As the seasons change, there is comfort to be found in the ritual of cycles: green to red, light to dark, warm to cool. Boy Is Fiction slides easily into the comfort of shoegaze, breakbeat, glitch. For many, these genres lie on the discard pile, but the grace of the discard pile is that one can find treasure there. Now add the crisp mastering of Mike Cadoo, sublime stereo effects and a keen sense of melody, and Deeper Than Static becomes a fitting album to play while driving down the long highway and contemplating the end of summer.
Opener “in Between” is one of the album highlights, reminiscent of The Cure, but with drums that could have come from 65dos. Another layer of drums fades in, as if visiting from a trance 12″. At the beginning of “Disbelief,” the beats seem hard, but the song has an ambient breakdown and returns with a rhythmic bell. The entire album possesses a melancholic tinge, which seems to recognize that it is part of a dying breed. And yet, this melding of styles enables Boy Is Fiction to transcend nostalgic status to reach the contemporary.
In “Synthetic,” the album pauses: no piano, no beats, only washes of synth, as befits its title. Side B’s “I Told You I’d Find You” continues this quietude with a romantic tone, the title reminiscent of Clannad’s “I Will Find You” and the key dialogue from the film “The Last of the Mohicans.” Now that the lovers have been reunited, the title track invites them to dance with a wisp of voice atop confident drum programming. “Kata” is a burst of exuberance, returning to the energy of the opener, as if a crisis has been survived. The heart soars, unbridled.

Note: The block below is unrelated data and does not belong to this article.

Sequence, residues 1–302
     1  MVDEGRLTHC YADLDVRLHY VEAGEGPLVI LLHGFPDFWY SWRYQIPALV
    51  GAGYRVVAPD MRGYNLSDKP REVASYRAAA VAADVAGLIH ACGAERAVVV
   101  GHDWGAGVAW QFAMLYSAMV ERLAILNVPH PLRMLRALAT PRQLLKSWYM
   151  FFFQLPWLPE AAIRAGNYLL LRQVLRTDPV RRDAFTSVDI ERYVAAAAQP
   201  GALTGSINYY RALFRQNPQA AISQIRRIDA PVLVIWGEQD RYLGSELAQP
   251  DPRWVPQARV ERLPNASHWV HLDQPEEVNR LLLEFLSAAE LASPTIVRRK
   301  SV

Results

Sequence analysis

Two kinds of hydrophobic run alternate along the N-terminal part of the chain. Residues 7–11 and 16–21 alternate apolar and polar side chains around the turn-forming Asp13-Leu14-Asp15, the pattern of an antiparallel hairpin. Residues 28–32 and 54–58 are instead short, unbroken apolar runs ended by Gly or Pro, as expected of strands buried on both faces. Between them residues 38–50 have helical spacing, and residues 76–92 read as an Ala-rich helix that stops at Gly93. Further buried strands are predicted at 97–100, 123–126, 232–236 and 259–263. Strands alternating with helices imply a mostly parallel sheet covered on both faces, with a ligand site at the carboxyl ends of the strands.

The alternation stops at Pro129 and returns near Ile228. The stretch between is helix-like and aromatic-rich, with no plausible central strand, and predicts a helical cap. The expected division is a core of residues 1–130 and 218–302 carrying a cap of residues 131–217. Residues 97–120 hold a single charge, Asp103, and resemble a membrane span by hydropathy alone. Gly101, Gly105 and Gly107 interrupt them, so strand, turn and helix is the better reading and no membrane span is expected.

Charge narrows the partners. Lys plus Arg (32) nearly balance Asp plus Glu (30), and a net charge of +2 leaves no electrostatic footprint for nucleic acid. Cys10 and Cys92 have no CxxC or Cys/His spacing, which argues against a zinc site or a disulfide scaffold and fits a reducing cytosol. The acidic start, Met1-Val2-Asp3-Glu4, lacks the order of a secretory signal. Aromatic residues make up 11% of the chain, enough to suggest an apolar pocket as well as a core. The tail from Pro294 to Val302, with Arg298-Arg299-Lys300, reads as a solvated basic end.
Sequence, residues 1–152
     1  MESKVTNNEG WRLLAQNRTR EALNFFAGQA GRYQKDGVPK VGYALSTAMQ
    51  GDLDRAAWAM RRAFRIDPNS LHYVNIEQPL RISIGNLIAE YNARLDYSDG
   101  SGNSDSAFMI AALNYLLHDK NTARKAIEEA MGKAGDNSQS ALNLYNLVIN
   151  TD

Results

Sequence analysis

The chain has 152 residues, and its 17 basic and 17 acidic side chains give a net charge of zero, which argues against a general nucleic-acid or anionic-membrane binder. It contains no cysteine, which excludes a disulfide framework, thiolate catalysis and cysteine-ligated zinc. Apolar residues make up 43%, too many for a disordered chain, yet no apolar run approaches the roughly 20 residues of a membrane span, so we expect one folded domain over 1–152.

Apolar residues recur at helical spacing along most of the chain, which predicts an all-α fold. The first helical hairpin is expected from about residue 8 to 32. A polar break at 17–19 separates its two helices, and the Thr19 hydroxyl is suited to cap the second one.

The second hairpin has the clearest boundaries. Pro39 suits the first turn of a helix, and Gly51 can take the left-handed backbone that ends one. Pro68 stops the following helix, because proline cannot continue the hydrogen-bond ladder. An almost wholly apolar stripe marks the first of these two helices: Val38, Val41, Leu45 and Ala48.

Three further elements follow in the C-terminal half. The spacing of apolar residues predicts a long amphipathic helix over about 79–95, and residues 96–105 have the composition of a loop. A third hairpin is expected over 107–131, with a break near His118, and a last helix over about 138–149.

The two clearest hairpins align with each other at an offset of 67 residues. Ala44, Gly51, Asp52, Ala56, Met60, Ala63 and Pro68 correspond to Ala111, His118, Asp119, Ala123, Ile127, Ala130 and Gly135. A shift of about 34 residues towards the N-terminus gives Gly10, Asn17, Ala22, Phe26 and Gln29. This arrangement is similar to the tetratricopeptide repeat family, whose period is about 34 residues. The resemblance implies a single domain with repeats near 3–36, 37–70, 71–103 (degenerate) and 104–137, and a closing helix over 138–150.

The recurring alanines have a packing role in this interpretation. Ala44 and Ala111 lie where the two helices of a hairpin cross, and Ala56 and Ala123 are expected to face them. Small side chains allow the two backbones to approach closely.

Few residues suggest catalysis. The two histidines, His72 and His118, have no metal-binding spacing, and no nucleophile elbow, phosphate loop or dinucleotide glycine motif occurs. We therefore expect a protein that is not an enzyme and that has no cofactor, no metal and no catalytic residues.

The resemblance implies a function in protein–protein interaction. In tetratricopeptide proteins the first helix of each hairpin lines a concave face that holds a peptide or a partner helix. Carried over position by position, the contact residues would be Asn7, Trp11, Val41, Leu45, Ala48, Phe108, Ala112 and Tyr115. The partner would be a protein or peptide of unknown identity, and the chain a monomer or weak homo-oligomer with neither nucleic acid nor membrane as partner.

The very title of closer “See You On the Flipside” is endearing. This is a vinyl record after all (and purchasers won’t have to wait for it ~ it’s already in stock). Alex Gillett leaves on a high note with the LP’s fastest patterns, a double-time IDM backdrop supporting an electropop foreground. We already want to see him on the flipside, whether returning to Side A or catching him on tour.
Those of us who have been alive for a while may say we miss the 80s, but we don’t really miss the 80s; we miss the way we felt when we listened to music in the 80s, a feeling conjured by this set. It’s good to know that this Australian is keeping the flame lit. (Richard Allen)